By Hilary Hagerman
A 23-year-old Ryerson grad has uncovered a medical puzzle.
Celine Roi, who graduated this past spring from Ryerson’s Occupational and Public Health program and now lives in Lafontaine, Ont., found a correlation between a specific food pathogen and food poisoning, which scientists had been unable to find in the past.
Her research, some of which was done as part of a research project during her final year in the Public Health program, will be published in the Canadian Medical Journal.
“I’m really happy that my research will be published,” said Roi. “I feel that this discovery can benefit lots of people in taking better actions to prevent this food-borne illness.”
Dr. Tim Sly, a professor of Public Health at Ryerson, agrees it’s a significant accomplishment.
“Publishing in a peer-reviewed journal is an essential step as it allows others to examine the source or the data, the methods, and conclusions. A first observation can raise some interest but in science it needs to be replicated several times by independent investigators before it becomes widely and generally accepted,” he says. “We are learning and understanding new aspects about food borne diseases every year, and every outbreak usually teaches us several things. I would certainly be pleased if Celine’s findings become verified and reproduced by others, because she is clearly applying what she learned in her public health program at Ryerson.”
Roi’s discovery links a specific food pathogen, Vibrio Parahaemolyticus, often found in seafood, to a heightened chance of illness, and more severe or longer illness, when combined with carbohydrates.
“Basically, my research means that if you are eating foods that have potential of containing the Vibrio parahaemolyticus pathogen [any seafood], you shouldn`t consume other foods high in carbohydrates in the same sitting,” Roi said, “If you do end up having a food illness, the symptoms will be highly more severe if any carbohydrates were consumed.”
Roi’s research is especially important because it gives people the chance to mitigate the pathogen.
“This pathogen can also be deadly to elderly, young children or any one that is immunocomprimised,” Roi said. “ Therefore, the people that are immunocomprimised can take proper actions to defend themselves.”
The research began as part of two courses in her last year at Ryerson, Research Project I and Research Project II, where she had to conduct research related to her Public Health program.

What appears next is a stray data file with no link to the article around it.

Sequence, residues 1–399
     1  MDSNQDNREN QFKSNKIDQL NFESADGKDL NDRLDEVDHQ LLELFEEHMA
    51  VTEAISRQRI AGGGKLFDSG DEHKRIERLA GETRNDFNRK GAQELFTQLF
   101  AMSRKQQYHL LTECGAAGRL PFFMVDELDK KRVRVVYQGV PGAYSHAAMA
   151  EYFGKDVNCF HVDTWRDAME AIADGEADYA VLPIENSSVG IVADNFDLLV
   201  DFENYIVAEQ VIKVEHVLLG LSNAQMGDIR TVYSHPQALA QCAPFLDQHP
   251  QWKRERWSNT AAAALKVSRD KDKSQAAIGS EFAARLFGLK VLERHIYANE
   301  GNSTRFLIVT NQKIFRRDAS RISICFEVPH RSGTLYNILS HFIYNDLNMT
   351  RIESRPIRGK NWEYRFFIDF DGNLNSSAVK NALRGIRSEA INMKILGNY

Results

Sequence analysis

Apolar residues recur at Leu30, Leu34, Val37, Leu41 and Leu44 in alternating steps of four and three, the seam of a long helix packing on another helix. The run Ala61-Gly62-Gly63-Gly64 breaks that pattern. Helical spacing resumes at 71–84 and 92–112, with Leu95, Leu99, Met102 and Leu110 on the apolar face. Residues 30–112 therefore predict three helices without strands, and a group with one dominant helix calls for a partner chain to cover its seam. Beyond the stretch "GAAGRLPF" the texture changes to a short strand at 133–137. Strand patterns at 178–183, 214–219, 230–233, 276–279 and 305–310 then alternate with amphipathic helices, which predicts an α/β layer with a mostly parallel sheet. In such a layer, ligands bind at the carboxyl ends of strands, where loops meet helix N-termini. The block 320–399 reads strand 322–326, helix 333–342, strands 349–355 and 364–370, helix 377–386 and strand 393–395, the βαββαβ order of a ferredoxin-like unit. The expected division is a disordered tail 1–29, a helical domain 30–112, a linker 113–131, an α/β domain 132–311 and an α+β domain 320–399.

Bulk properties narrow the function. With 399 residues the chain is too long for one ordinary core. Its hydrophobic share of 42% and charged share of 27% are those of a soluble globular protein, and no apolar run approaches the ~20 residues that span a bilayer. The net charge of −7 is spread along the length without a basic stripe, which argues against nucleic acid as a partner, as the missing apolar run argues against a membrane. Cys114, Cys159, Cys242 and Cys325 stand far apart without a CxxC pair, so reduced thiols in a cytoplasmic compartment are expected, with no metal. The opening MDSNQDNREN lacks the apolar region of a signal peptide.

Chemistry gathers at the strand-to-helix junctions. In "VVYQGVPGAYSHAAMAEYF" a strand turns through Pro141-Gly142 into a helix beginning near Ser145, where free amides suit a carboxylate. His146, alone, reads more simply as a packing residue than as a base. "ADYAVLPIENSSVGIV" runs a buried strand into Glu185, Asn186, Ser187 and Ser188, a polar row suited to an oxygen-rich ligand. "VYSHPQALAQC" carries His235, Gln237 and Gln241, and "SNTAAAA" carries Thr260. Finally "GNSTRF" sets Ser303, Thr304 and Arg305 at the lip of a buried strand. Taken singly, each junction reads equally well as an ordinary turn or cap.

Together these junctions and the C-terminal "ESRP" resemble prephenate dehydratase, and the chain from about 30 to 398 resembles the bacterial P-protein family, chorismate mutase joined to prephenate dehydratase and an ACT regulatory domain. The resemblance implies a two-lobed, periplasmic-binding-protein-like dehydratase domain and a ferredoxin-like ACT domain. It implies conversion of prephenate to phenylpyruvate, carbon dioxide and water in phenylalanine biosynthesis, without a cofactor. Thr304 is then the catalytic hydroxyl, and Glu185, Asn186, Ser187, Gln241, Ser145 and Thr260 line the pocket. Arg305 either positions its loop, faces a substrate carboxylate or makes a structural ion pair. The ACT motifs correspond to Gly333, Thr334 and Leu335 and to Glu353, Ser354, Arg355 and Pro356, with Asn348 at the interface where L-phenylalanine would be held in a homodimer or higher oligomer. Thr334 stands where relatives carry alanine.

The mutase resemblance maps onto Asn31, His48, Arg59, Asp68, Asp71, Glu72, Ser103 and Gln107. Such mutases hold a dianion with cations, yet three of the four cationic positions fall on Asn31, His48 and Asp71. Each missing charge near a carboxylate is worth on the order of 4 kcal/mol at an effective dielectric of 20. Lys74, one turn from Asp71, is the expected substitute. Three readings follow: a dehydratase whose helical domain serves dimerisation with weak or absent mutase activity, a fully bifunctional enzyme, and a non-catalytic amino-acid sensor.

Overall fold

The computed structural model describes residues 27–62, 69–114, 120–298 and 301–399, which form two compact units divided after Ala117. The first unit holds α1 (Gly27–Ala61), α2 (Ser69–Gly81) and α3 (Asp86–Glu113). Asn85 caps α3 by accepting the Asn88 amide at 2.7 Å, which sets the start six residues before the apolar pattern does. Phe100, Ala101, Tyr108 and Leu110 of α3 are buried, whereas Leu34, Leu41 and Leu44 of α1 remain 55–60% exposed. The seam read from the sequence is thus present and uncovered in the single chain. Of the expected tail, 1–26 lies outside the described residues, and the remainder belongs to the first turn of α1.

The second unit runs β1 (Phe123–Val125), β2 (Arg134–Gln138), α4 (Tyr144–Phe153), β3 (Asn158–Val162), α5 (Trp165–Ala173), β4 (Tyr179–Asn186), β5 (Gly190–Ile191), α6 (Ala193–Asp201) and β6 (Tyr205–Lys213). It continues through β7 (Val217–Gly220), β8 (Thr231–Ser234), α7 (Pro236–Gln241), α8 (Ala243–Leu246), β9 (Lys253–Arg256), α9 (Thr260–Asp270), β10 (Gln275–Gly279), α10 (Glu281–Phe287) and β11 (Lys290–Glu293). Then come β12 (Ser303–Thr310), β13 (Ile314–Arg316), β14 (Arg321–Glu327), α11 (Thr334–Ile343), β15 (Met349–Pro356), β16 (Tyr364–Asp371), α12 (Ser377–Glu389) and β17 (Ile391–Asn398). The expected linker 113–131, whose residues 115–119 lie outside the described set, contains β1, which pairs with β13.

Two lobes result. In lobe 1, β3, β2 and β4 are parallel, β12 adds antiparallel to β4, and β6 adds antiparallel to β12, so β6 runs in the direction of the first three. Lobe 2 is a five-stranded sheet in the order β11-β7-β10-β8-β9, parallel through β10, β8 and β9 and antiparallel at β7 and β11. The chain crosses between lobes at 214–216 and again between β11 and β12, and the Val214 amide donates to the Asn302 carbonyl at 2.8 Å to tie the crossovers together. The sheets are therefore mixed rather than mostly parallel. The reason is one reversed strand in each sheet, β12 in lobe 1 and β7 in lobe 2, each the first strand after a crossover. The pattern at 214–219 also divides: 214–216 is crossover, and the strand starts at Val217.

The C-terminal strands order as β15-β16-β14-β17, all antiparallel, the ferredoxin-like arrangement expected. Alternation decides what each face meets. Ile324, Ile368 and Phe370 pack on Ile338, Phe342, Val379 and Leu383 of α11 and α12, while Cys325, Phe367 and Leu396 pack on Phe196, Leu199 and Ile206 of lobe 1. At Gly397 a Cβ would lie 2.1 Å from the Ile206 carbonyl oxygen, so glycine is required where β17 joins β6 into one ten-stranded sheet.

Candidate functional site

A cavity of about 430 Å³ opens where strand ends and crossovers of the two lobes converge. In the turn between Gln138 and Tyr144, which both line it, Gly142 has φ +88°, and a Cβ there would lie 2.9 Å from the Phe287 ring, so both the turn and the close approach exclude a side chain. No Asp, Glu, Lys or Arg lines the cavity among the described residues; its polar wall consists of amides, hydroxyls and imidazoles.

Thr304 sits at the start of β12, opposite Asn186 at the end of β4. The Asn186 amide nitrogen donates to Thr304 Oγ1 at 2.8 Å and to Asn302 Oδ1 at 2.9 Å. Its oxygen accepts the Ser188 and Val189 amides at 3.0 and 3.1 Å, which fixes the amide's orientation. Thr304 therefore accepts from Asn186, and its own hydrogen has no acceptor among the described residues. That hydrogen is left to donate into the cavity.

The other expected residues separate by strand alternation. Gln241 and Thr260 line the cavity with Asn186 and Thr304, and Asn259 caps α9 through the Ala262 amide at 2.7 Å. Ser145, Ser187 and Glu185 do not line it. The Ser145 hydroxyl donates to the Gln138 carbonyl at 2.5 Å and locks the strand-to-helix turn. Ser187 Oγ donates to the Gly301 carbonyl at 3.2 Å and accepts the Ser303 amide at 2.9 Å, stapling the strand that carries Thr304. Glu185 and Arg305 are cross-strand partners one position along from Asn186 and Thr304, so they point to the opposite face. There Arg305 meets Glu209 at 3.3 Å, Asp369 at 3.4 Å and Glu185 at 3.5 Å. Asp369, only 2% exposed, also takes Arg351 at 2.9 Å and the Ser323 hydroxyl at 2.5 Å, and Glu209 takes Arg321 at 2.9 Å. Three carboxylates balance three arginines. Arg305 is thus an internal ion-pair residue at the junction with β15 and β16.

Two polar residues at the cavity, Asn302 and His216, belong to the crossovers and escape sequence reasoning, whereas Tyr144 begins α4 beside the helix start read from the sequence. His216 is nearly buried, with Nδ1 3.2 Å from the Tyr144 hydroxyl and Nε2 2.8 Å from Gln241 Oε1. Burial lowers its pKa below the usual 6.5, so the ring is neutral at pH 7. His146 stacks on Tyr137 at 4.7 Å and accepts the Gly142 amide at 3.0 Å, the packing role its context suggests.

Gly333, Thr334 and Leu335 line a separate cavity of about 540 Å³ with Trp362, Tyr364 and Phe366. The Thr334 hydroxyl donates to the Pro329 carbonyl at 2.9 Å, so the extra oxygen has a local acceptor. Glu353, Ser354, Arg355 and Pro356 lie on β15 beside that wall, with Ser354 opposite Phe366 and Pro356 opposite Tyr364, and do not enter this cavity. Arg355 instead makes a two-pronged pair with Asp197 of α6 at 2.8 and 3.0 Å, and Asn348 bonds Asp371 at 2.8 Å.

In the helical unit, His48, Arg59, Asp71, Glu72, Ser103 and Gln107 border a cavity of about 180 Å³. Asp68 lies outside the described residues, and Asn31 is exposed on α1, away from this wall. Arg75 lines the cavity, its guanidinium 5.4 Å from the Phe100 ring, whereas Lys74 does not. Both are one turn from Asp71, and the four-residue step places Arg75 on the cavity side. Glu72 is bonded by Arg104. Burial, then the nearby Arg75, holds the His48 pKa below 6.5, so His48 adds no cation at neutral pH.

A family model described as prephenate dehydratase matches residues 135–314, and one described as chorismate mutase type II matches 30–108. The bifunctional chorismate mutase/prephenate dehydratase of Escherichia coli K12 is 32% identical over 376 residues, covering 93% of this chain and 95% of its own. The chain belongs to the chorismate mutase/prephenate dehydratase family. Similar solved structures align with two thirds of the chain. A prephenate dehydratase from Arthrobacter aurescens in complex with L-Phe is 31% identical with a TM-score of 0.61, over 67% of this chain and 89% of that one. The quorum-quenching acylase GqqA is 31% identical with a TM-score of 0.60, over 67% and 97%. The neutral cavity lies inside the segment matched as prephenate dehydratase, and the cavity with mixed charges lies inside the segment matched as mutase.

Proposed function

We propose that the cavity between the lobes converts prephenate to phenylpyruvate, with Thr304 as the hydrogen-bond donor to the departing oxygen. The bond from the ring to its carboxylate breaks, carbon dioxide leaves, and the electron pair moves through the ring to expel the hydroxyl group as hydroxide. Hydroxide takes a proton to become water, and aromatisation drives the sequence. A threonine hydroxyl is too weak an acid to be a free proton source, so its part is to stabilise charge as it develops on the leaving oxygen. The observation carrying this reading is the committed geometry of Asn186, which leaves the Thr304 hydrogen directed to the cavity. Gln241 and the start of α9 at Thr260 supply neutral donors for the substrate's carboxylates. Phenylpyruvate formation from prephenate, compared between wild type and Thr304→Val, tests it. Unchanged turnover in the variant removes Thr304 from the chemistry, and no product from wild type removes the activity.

Roi was not able to finish the research project while at Ryerson, because the pathogen couldn’t be ordered. Because of this, she wrote a protocol about her research project while at Ryerson, and then decided to finish the research after graduating.
Roi did a laboratory experiment with the Vibrio Parahaemolyticus organism and fermented carbohydrates. She added the pathogen to two blood agar plates — one with fermented carbohydrates, and one without, and tracked the results.
“The plate with the fermented carbohydrate demonstrated that it had caused hemolysis to the hemoglobin [burst the red blood cells on the plate],” Roi said. “The one without the carbohydrates had no effects on the red blood cells.”
“Vibrio Parahaemolyticus is a known pathogen to cause bleeding in the gastrointestinal track of humans and give severe symptoms if carbohydrates are consumed at the same time because it gives the organism a perfect environment,” Roi said. “This means that your immune system would have to work a lot harder to defend against this bacteria if the carbohydrates were consumed.”
Roi also did case studies on victims that had already had food-borne illness, and saw that those with the most severe symptoms did eat foods high in carbohydrates in the same sitting, and were sick for up to ten days. Those that didn’t eat food high in carbohydrates were only sick for about 24 hours.
Although this is Roi’s first time having research published, she is no stranger to recognition. Roi received nine awards during her time at Ryerson.
Roi also praised the Occupational and Public Health program.
“The teachers were great and helpful, and I also had small classes,” she said. “I would encourage others to take this course because there`s a lot of career opportunities once you graduate and you have the opportunity to work in any area of environmental health.”
Now, after graduating, Roi is taking time to decide what she will embark on next.
“I am not sure at this point what I am going to do with my bachelors degree,” she said, “although I do know that I would like to do more research projects in the future. “